Thursday, February 9, 2012

What a Walk Reveals

            I went for a walk.  Not uncommon, nor in my case unusual.  In fact I find that a nice walk does a world of good.  It relaxes me and helps me decompress.  It’s something about exercise and fresh air I’m sure.  So, I went for a walk.  I was feeling a little pent up, being in the same place quite a bit of the time with classes and what not.  I had a vague destination in mind, but nothing in particular.  I walked through the streets of Jerusalem, and I made some meandering turns here and there.  However, I came to find that this walk was not helping me relax at all.  There is a difference between walking in a familiar location and a foreign city.  You can’t really just walk.  You have to keep your bearings and try to not get lost.  In the end, I returned to our residence a little physically tired, but not relaxed at all.
            Then I started to try and figure out other ways of letting off some steam.  As I ran through all my usual hobbies and distractions, I quickly realized two things.  First, none of my usual hobbies were available to me.  Play on my guitar? Nope, it’s in Chicago.  Watch a movie?  No theater close that I know of.  Go for a walk? Well we saw how that worked out.  When I left on pilgrimage, I left behind the things that I used to recharge my batteries.
            Then I realized that there was one thing that I had not thought of.  Among the many ways that I had developed to top of my personal fuel tank, prayer had not been first on the list.  It hadn’t even made it into the top ten.  Only because I was on pilgrimage, because God had placed me beyond these normal things I used, did I even think of it.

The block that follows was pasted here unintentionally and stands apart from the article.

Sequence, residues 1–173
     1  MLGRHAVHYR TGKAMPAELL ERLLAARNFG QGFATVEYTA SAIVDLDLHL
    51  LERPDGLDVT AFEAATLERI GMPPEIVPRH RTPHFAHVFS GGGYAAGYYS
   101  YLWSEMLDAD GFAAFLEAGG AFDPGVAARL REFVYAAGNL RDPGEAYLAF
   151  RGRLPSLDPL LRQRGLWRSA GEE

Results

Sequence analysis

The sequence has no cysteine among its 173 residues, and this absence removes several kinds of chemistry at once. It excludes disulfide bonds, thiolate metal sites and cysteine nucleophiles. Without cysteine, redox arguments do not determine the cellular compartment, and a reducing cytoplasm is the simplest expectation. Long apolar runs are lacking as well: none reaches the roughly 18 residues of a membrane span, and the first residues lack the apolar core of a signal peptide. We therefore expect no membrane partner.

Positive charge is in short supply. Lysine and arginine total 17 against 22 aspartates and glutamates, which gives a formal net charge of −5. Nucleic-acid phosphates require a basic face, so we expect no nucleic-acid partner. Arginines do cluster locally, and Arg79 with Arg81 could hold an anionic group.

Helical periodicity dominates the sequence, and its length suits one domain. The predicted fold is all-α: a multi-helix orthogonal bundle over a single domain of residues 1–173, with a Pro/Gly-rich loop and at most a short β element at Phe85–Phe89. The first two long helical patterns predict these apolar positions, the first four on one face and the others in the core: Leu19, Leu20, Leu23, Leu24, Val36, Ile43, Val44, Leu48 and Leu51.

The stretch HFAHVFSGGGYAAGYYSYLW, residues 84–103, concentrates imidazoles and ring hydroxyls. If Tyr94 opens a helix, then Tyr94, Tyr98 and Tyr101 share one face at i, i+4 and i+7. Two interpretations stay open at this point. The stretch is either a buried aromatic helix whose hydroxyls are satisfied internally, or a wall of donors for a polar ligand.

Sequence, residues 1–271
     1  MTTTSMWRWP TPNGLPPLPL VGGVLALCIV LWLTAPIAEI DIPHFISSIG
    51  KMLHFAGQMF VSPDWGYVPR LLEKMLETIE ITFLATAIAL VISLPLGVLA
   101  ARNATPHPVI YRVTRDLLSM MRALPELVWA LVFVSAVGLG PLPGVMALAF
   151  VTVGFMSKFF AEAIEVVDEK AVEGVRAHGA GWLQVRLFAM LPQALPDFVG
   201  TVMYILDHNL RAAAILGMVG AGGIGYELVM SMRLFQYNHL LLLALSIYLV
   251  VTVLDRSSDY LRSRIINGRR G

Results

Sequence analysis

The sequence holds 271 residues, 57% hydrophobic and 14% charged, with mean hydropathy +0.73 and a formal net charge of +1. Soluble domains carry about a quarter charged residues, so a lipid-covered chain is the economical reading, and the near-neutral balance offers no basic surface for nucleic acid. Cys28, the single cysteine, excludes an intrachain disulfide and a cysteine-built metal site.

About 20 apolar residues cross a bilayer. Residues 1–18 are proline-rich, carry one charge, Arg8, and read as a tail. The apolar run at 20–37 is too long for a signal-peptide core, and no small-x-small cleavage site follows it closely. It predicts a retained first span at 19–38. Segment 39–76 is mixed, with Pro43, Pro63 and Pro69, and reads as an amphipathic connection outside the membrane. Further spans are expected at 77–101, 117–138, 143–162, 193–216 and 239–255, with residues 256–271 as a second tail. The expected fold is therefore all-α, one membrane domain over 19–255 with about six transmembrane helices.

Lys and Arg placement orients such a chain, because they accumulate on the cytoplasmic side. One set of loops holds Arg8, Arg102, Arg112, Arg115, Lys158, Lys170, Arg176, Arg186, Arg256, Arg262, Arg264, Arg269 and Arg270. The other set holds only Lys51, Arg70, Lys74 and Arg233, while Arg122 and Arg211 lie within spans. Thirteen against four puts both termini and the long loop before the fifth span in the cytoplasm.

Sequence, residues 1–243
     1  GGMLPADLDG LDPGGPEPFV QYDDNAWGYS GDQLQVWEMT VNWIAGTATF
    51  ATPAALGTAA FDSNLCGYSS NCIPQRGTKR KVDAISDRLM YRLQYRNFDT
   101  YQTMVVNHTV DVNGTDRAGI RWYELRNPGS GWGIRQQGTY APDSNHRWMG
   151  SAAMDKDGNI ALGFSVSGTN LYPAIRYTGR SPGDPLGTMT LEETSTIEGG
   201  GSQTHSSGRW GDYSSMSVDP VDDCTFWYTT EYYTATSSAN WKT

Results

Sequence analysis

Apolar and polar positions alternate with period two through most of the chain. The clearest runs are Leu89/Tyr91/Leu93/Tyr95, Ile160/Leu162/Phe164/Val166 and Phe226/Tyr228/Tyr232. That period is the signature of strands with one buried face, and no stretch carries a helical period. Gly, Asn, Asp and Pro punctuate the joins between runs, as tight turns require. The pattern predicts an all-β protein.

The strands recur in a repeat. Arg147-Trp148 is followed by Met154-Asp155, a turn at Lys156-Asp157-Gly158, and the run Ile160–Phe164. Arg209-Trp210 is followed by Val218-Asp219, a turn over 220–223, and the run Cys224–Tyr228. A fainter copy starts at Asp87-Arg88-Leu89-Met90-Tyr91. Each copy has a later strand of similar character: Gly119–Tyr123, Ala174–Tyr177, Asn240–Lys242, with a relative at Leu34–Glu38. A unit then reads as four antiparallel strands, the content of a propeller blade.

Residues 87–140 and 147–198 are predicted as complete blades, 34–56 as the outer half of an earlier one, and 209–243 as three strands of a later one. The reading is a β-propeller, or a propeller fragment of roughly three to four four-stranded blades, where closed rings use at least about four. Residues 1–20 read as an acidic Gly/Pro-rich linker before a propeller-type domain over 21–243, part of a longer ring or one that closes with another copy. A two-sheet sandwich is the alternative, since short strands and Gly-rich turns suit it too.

“That evening, at sundown, they brought to him all who were sick or possessed with demons . . . [a]nd he healed many who were sick with various diseases, and cast out many demons . . . [a]nd in the morning, a great while before day, he rose and went out to a lonely place, and there he prayed.” Mark 1:32-35
Jesus knew what he had to do to rest; he had to stay close to his Father.  He was surely exhausted by the energy it took to minister to so many in need.  So he went off by himself and prayed.  Prayer is not an important part of our daily lives.  It is the most important part.  We turn to so many different things, good things, to try and give us energy: family, hobbies, exercise, food, sex, material possessions, etc.  In and of themselves, none of these are bad.  However, when we place them at the center of our lives, when they become the things we turn to in order to make us feel better, we have lost our bearings.  All these things are goods that God has created for us, but as created things they are finite.  They disappear and run out.  In prayer, be it personal prayer, meditating on scripture, the liturgy, or especially the sacraments, we turn to the source of life itself and receive our rest from Him.  Only God can be the fount of life giving refreshment that will sustain us forever.  

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